Although federal elections always fall on even-numbered years, important state and local elections happen every year - and 2017 is no exception. Here are some of the contests FairVote will be watching on Election Day, November 7, 2017.
Minneapolis - Ranked Choice Voting’s Highest Profile Contests This Year
Minneapolis is the largest city that will elect its officers with ranked choice voting (RCV) this year (San Francisco recently adopted a charter amendment changing its election schedule and won’t be holding an RCV election for the first time since 2003). Incumbent Mayor Betsy Hodges faces several serious and well-financed challengers in a race that has tackled issues of police reform, public safety, and social justice.
Altogether, 16 candidates will be on the ballot for the office of mayor. Under the city’s prior system, voters would only have two choices in November, with that greater diversity of voices eliminated in a low-turnout primary election two months earlier. With ranked choice voting, voters will have greater choice, and the freedom to rank their choices without needing to worry about the vote being split and a candidate winning Minneapolis’s most important political office with a low plurality of support.
In addition to mayor, Minneapolitans will be electing all 13 city council positions from their respective wards, as well as a total of eight seats on the city’s park board and board of estimate and taxation. The three at-large seats on the city’s park board are especially interesting, as they will be elected using the multi-winner form of ranked choice voting (the “single transferable vote”) that helps promote fair representation of diverse views. Only one incumbent is in the race, with a total of nine candidates competing for the three seats.
Grace Ramsey, FairVote’s deputy outreach director, is in Minneapolis helping FairVote Minnesota staff and volunteers to educate voters about the upcoming election and ranked choice voting. As we wrote following their 2013 elections, Minneapolis is a great example of how ranked choice voting makes elections more fair and inclusive for all voters.
Saint Paul - First Open Seat Mayoral Election with Ranked Choice Voting
Speaking of the Twin Cities, Saint Paul will be conducting its fourth election with ranked choice voting. Incumbent Mayor Chris Coleman (first elected in 2005 before the city adopted RCV) is choosing to run for governor in 2018 instead of re-election. As a result, this will be Saint Paul’s first open seat election for mayor with RCV. Ten candidates are seeking the office. As with Minneapolis, Saint Paul’s use of ranked choice voting allows it to accommodate that high level of competition among diverse viewpoints without fear of “spoilers” or need for strategic voting.
Cambridge - A Proud Tradition of Fair Representation
Since 1941, Cambridge, Mass. has elected both its city council and school board citywide with multi-winner ranked choice voting, which they refer to as proportional representation. Indeed, Cambridge was one of 24 cities to use the system historically. While the other 23 repealed the system in a wave of pushback from political party machines or amid racial tensions, Cambridge retains it to this day and continues to see its benefits.
This year, three of Cambridge’s nine city council seats are open, creating a particularly competitive and dynamic race. FairVote Fellow John Patrick Thomas covers the race on our blog.
Takoma Park - Ranked Choice Voting in FairVote’s Back Yard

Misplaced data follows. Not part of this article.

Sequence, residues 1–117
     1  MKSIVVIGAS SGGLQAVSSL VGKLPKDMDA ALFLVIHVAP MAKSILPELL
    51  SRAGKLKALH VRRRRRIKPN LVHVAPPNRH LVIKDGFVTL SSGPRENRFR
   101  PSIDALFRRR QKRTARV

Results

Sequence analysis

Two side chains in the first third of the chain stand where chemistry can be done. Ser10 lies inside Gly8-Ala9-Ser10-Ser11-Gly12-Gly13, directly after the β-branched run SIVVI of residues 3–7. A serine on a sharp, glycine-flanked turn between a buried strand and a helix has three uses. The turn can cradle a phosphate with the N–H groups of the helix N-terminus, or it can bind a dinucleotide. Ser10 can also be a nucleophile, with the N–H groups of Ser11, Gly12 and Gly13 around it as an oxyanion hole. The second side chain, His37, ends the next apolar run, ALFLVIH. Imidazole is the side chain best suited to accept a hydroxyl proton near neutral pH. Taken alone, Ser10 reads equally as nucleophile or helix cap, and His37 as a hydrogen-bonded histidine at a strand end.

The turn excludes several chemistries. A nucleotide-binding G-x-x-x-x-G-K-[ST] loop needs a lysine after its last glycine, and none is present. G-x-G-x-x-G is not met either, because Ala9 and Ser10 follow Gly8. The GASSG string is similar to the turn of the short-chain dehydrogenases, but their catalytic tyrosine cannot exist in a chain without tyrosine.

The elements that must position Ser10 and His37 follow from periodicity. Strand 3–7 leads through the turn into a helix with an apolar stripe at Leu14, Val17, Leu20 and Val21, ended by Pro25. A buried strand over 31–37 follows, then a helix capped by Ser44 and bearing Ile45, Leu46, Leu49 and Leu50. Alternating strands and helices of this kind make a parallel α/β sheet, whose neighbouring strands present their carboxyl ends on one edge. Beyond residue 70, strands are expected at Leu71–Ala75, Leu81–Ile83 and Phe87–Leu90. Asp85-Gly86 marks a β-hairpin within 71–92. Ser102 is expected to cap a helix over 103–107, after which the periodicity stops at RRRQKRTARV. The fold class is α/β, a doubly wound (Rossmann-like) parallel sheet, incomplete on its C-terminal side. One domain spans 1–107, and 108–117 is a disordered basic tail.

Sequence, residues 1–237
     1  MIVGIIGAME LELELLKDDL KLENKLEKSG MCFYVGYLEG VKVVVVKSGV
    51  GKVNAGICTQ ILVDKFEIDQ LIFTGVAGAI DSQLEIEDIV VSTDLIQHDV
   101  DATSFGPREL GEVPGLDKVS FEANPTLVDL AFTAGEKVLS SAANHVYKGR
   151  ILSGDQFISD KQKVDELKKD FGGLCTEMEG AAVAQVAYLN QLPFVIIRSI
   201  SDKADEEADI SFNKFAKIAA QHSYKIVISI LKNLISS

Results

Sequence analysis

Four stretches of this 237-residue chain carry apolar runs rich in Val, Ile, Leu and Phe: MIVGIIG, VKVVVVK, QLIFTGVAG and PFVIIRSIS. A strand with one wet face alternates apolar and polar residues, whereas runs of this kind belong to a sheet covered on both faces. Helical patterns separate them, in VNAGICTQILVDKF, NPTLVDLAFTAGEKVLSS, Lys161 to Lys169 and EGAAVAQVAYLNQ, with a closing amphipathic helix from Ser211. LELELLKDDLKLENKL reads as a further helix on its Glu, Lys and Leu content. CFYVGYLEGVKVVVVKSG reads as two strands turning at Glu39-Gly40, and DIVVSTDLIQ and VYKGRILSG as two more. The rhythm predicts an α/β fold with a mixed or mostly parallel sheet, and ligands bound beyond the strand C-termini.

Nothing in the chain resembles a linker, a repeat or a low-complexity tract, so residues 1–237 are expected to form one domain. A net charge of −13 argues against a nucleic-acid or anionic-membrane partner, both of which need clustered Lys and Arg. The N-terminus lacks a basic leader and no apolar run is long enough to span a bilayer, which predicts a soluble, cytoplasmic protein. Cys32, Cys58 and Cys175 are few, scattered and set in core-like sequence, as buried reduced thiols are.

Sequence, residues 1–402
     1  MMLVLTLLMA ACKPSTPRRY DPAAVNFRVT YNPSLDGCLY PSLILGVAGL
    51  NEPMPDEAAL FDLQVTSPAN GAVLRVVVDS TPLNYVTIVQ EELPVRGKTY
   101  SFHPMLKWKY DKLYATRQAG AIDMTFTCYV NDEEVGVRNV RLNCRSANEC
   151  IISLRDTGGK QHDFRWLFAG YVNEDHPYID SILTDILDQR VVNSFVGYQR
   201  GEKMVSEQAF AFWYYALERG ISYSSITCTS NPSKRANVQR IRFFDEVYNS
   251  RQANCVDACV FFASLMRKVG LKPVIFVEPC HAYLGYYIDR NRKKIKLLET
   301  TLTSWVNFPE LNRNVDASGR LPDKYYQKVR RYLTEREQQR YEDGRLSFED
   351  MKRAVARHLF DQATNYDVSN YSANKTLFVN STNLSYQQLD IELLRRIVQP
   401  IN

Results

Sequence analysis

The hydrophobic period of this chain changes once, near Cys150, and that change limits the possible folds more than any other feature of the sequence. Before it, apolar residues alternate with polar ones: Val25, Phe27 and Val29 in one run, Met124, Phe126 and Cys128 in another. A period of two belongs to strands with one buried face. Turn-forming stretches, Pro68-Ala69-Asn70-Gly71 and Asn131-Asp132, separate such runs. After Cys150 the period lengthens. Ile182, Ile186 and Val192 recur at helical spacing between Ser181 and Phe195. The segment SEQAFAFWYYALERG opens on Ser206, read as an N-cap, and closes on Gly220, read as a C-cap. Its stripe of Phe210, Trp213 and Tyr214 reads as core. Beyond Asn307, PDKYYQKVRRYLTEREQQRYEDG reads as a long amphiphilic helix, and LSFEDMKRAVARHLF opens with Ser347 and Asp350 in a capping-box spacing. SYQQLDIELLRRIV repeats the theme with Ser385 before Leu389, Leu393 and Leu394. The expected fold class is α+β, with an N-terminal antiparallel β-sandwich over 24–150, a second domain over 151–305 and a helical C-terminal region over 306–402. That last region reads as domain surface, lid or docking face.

The smallest city to elect with ranked choice voting this year is FairVote’s home city - Takoma Park, Md. One of the most politically active cities in the United States, Takoma Park has not been afraid to innovate when it comes to elections. In addition to empowering its voters with ranked choice voting, the city was also the first to include 16- and 17-year-old voters in their municipal elections. The city is also among six cities in Maryland that continue the previously ubiquitous American tradition of including all residents in the community of voters, not just those with citizenship.
Being a small town, Takoma Park elections are often quiet affairs, but this year, there is a competitive three-candidate contest for the city council’s 2nd Ward in which the city’s inclusive group of eligible voters will have the right to rank their choices.
Virginia - A Gubernatorial Election That Could Really Use Ranked Choice Voting Right About Now
In addition to local elections, there are two states holding state elections this year - New Jersey and Virginia.
As Daniel Greenberg, FairVote research intern, covers separately, the Virginia governor election is badly in need of ranked choice voting. The office was elected with a controversial plurality win in 2015, with many predicting a similar result following 2017’s three-candidate race. It has also taken on the fiercely negative tone of national politics. Ranked choice voting could help bring both majority rule and more positive, issue-oriented campaign to elections to the office formerly held by Thomas Jefferson.
State Legislative Races in Virginia and New Jersey
We’ll also be watching the state legislative elections in New Jersey and Virginia. New Jersey has 40 districts, each electing one state senator and two assembly members. Although drawn by a redistricting commission, New Jersey’s districts don’t always lead to fair results -- in 2013, for example, Republicans won 51% of the vote in assembly races, but only 40% of seats. Results also largely track underlying partisanship, as demonstrated in our 2015 analysis.
Over in Virginia, this year’s legislative elections at least have fewer uncontested races, but expect the great majority of races to be won according to their partisan lean, just as they did in 2015 when all 122 incumbents were re-elected.